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Interview: Change Can Only Come To Cameroon Through Force 

Interviewed by Yerima Kini Nsom

CameroonPostline.com
— Hon. Serge Noumba, MP Mifi in the West Region, has observed that the change the SDF had hoped to bring to Cameroon through the National Assembly and the ballot box has yielded little fruits. With such limited successes, he said there is need to explore other means to ensure that Cameroon actually changes. He proposed the use of strong methods including force, to effect the needed change in the country. He made the declaration in an interview granted The Post recently in Yaounde. Noumba, who referred to himself as “Junior Fru Ndi,” also talked of his relationship with the party, his refusal to resign, achievements as an MP and so on.  Excerpts:


The Post: We did not see much of you during this parliamentary session. Where were you?
Hon. Noumba: I went to the Francophonie Parliamentary Assembly, because I am a member of the Education, Communication and Cultural Affairs Commission. After my mission there, I visited three European countries: Belgium, Germany and France, with the aim of comparing biometric systems that are applicable in these countries. Can you give us a concrete explanation of what you saw there?

The biometric system I saw there is already a perfect electoral system. In France, for example, the electorates have a biometric card which contains their face and finger prints. On Election Day, the card is introduced into a small machine. If you had been registered on the electoral list, the biometric machine will recognise you. But if you had not registered on the electoral list, it will reject your card.

How is it really done?

On the day of election, you come with your biometric card which you slot into a small machine which uses batteries. Once it recognises you as having registered, you then cast your vote. If it does not recognise you as such it rejects your card. And this is why when the last voter votes the results is published [displayed] in the biometric centre. This is what pertains in Belgium, Germany and France.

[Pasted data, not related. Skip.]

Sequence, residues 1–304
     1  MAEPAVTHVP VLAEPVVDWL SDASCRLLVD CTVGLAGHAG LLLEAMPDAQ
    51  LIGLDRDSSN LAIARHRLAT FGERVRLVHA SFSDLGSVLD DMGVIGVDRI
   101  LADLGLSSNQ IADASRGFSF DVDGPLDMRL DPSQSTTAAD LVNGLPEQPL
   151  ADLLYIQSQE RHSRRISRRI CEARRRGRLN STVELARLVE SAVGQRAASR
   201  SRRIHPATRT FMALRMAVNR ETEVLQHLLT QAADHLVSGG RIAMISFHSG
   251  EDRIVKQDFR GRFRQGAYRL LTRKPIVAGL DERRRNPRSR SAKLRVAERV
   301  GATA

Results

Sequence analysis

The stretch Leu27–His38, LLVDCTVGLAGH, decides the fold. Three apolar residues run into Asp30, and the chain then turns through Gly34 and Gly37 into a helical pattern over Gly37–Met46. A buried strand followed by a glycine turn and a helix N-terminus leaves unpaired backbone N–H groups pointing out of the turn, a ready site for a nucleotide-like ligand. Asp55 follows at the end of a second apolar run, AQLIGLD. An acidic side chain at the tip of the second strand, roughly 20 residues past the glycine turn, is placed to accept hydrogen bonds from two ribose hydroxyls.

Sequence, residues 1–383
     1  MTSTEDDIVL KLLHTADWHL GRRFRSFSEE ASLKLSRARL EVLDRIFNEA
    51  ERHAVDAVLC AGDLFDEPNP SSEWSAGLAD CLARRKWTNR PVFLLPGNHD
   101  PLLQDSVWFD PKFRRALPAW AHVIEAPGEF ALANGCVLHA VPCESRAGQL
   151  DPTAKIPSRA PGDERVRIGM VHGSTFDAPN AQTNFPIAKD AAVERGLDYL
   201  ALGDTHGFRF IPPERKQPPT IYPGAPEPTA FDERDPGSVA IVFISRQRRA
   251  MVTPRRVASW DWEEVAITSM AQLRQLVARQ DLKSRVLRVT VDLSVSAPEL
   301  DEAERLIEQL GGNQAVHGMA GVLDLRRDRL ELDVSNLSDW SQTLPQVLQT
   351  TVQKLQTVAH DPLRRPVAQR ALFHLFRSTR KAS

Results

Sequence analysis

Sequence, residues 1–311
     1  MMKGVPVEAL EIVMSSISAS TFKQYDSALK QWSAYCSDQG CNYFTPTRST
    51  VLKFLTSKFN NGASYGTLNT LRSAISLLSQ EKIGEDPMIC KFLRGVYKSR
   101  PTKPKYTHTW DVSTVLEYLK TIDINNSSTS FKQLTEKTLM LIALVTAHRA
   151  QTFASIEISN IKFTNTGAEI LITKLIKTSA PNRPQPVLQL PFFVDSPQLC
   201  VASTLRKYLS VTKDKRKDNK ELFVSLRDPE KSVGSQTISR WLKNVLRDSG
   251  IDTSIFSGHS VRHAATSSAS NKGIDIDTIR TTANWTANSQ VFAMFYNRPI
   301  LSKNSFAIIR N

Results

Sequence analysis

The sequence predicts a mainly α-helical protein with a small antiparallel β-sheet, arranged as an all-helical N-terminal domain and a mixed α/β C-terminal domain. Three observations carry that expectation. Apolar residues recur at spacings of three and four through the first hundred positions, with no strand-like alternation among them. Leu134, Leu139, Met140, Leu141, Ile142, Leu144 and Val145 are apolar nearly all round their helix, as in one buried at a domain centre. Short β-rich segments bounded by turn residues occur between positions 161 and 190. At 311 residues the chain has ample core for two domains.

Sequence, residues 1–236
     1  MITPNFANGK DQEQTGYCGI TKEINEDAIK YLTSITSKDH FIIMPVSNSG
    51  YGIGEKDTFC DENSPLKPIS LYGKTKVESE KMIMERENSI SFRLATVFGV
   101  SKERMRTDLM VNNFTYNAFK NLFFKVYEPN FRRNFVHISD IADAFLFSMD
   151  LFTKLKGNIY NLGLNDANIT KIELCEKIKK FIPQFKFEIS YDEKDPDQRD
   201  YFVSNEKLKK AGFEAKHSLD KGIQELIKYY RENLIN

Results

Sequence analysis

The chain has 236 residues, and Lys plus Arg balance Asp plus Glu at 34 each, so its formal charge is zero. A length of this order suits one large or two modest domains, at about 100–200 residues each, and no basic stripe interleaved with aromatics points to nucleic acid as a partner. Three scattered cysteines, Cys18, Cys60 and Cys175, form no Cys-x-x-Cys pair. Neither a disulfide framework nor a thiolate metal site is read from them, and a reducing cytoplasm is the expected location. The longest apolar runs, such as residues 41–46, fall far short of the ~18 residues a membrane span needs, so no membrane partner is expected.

What is your reaction to the recent electoral code introducing a biometric registration system in Cameroon, which only distributes voters’ card between 25 to 40 days?

When they were talking of the biometric system I thought that upon registration one would have their card instantly. But I was disappointed. Even before the introduction of the biometric system was announced, I did say that I know the type of mess the CPDM government would bring because at the end we are going to be disappointed. I even told SDF parliamentarians not to start feasting because of the biometric system. They were already saying their fight had yielded fruits. I believe we are all disappointed.

Are you happy being an MP when you cannot bring about any change in the National Assembly as an opposition parliamentarian?

Before I joined the National Assembly in 1997, there was contemplation whether SDF should go or not to go to the assembly. We held a meeting with the National Chairman at the Yaounde Conference Centre to decide. When we finished, a CRTV journalist asked me, “Hon. MP, SDF wants to enter Parliament; on what are you hinging this entry?”